Earlier this spring, Southern New Hampshire University was provided with an opportunity be a part of the third annual Portsmouth Pride event in N.H. Given the inclusive nature of the SNHU culture, several teams from across the University quickly rallied to begin planning for this special event. The teams gathered volunteers, prepared the SNHU Pride booth, and of course, carefully chose outfits for the day to show SNHU's pride and support of the LGBTQ community.
Having worked at SNHU for the last four years, I also want to share with you how it felt to be a part of this celebration. After June 12, 2016, when 49 LATINX members of the LGBTQ community lost their lives in Orlando Fla., everything changed for me in terms of what support I needed to feel safe at work. I met with senior leadership and we worked together to create over a dozen inclusive bathrooms in the building, began conversations around pronouns and how staff and students are identified in our systems. We took steps towards creating a Diversity Council and started our first LGBT Employee Resource Group for SNHU's online school, the College of Online and Continuing Education (COCE).
So less than a year later, when we were asked to participate in Portsmouth Pride you can imagine what how exciting that was for me and so many others in our community. This was an opportunity to show everyone who attended what a welcoming environment SNHU is for staff and for students alike, and to shake hands with current students and say, "We celebrate and support you." To see the smiles when we told potential students that there are clubs like Generation Equality on campus and LGBT+ LEAGUE online for LGBT members was infectious. To have them interact with the university staff, who are available as mentors and role models, was priceless.
What does Pride mean to you?
One of my favorite things we did at the SNHU table was ask the question, "What does Pride mean to you?" and had people write their thoughts. What a powerful testament this ended up being with people sharing their real, and sometimes raw, feelings.
SNHU leaders said they were humbled and excited to see the impact of Pride event and to share SNHU's message of inclusivity with young people.
"I was thrilled to see so many youth and young adults celebrating with friends and family in a community that is supportive and accepting. I was proud of the teens who wore their rainbow gear with pride, and who were given the opportunity to celebrate themselves through the event. I was humbled by the parents who brought their transgender children, and marched as a family because they want their child to know how much they love and support them," said Laura Corddry, assistant vice president of Student Success at SNHU. "I was excited to meet online students as they approached the SNHU table and introduced themselves, eager to meet someone from their institution. I was honored to represent the institution and convey the message that we strive to be an inclusive community."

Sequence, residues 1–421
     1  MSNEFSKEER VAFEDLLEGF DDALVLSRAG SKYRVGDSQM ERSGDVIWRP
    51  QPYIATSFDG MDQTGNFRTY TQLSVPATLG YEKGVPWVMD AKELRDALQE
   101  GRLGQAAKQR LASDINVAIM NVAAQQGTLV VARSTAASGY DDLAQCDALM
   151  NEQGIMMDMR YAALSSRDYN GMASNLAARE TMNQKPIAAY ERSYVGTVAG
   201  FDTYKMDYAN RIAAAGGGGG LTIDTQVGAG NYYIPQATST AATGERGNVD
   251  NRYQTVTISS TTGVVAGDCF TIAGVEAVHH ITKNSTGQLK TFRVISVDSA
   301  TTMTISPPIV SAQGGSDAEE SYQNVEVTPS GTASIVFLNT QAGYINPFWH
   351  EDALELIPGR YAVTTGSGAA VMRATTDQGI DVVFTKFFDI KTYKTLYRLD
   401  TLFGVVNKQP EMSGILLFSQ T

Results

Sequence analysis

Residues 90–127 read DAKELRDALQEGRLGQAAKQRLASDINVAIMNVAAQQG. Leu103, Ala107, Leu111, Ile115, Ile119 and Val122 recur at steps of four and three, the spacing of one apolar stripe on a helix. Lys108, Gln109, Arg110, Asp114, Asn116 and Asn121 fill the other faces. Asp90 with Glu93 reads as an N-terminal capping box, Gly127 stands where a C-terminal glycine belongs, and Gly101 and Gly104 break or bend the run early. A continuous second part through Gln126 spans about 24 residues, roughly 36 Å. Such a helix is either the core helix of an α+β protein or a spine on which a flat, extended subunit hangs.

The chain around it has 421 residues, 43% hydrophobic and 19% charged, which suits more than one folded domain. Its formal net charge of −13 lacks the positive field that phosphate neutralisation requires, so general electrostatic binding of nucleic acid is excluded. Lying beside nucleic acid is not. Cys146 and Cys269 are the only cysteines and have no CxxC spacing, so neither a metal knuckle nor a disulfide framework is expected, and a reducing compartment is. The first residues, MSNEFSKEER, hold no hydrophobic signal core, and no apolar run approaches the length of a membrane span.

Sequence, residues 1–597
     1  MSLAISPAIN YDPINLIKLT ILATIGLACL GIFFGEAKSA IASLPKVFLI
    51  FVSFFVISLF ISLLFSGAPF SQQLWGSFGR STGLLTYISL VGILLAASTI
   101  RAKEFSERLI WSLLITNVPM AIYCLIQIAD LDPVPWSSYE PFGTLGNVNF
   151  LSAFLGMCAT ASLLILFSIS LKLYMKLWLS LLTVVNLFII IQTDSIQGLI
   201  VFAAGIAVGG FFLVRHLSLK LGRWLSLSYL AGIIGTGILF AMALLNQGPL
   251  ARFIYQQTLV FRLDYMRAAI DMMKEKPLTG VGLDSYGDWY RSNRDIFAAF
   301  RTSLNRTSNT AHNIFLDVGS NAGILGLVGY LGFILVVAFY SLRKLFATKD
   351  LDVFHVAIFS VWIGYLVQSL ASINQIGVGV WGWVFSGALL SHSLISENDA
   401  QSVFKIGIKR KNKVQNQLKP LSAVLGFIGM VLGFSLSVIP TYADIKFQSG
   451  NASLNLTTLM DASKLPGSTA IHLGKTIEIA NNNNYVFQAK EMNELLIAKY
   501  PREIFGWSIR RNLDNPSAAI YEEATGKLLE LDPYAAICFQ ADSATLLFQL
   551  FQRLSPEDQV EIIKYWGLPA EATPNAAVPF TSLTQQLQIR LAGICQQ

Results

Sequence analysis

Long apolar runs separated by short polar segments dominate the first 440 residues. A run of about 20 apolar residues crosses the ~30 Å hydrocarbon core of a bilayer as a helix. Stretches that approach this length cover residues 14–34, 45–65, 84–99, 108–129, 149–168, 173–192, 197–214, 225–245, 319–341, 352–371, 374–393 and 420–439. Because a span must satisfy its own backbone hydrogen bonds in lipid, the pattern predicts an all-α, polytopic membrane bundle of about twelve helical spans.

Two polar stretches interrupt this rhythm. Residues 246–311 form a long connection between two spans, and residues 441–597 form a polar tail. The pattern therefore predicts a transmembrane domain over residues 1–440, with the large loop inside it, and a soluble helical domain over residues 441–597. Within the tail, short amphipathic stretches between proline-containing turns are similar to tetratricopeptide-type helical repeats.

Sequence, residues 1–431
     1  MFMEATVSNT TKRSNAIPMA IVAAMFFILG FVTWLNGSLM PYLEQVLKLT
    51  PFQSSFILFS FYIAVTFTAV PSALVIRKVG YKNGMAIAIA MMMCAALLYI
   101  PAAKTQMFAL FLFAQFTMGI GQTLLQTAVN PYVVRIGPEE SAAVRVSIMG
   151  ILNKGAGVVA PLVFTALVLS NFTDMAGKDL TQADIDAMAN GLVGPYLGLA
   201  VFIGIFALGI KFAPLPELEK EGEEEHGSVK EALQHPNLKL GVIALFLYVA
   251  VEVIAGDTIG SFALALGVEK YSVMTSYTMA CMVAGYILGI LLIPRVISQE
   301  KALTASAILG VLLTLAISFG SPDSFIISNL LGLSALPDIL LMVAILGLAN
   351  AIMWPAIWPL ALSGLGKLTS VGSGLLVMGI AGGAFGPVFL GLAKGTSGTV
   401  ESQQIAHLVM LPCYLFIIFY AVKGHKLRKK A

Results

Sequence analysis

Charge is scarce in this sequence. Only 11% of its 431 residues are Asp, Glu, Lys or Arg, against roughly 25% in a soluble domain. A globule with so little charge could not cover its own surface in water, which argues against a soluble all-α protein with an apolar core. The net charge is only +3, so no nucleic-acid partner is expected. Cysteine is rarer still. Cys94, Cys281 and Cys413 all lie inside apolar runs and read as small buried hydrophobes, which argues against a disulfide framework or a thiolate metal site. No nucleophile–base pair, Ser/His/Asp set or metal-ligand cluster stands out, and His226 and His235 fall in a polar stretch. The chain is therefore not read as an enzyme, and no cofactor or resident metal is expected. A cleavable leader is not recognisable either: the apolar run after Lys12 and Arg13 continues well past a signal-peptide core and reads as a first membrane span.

Shannon Brown, director of Residence Life, said she was excited to see the number of people who visited with SNHU staff throughout the day. "People from all over New Hampshire and surrounding states stopped at our table just to meet fellow SNHU folks and share in our pride of being an inclusive and caring place," she said. "I also think we had the BEST table decorations at Pride: it was vibrant, mostly edible, and staffed by the best hype squad ever!"
Overall, there was laughter, tears and a whole lot of pride. Pride for ourselves, for our state and our university. This was also the first Pride event that my mother-in-law has attended, and it was so special to me that we were not just participants but actively involved. This was an opportunity to show her how much it means to my wife (an SNHU alumna) and I to be surrounded by the LGBTQ community in celebration and remembrance of how far the LGBTQ community has come since 1969 and the Stonewall riots. I love how the Library of Congress puts it, "The purpose of the commemorative month is to recognize the impact that lesbian, gay, bisexual and transgender individuals have had on history locally, nationally, and internationally."
It is so easy for Pride parades to be overlooked or thought of as a spectacle, but they are so much more than that. Just look at the comments of what Pride means to the dozens of people who shared at SNHU's table - Words like: "Warmth, acceptance, loved, chosen, confidence, and peace." These are all adjectives that every child and adult should always feel no matter their gender identity, sexual orientation or gender expression. In 2016, SNHU President Paul LeBlanc, in a memo written in response to tragedy in Orlando wrote, "Together we can at least make SNHU a place where the ignorant comment or even slur is unacceptable and that all members of our community know they are accepted - better yet, embraced - for who they are as individuals, and that in the complexity and diversity of our beliefs, skin colors, sexual orientations, family structures, and cultural practices we find wonder and inspiration and yes, love for one another."
Thank you, SNHU, for your dedication to all people.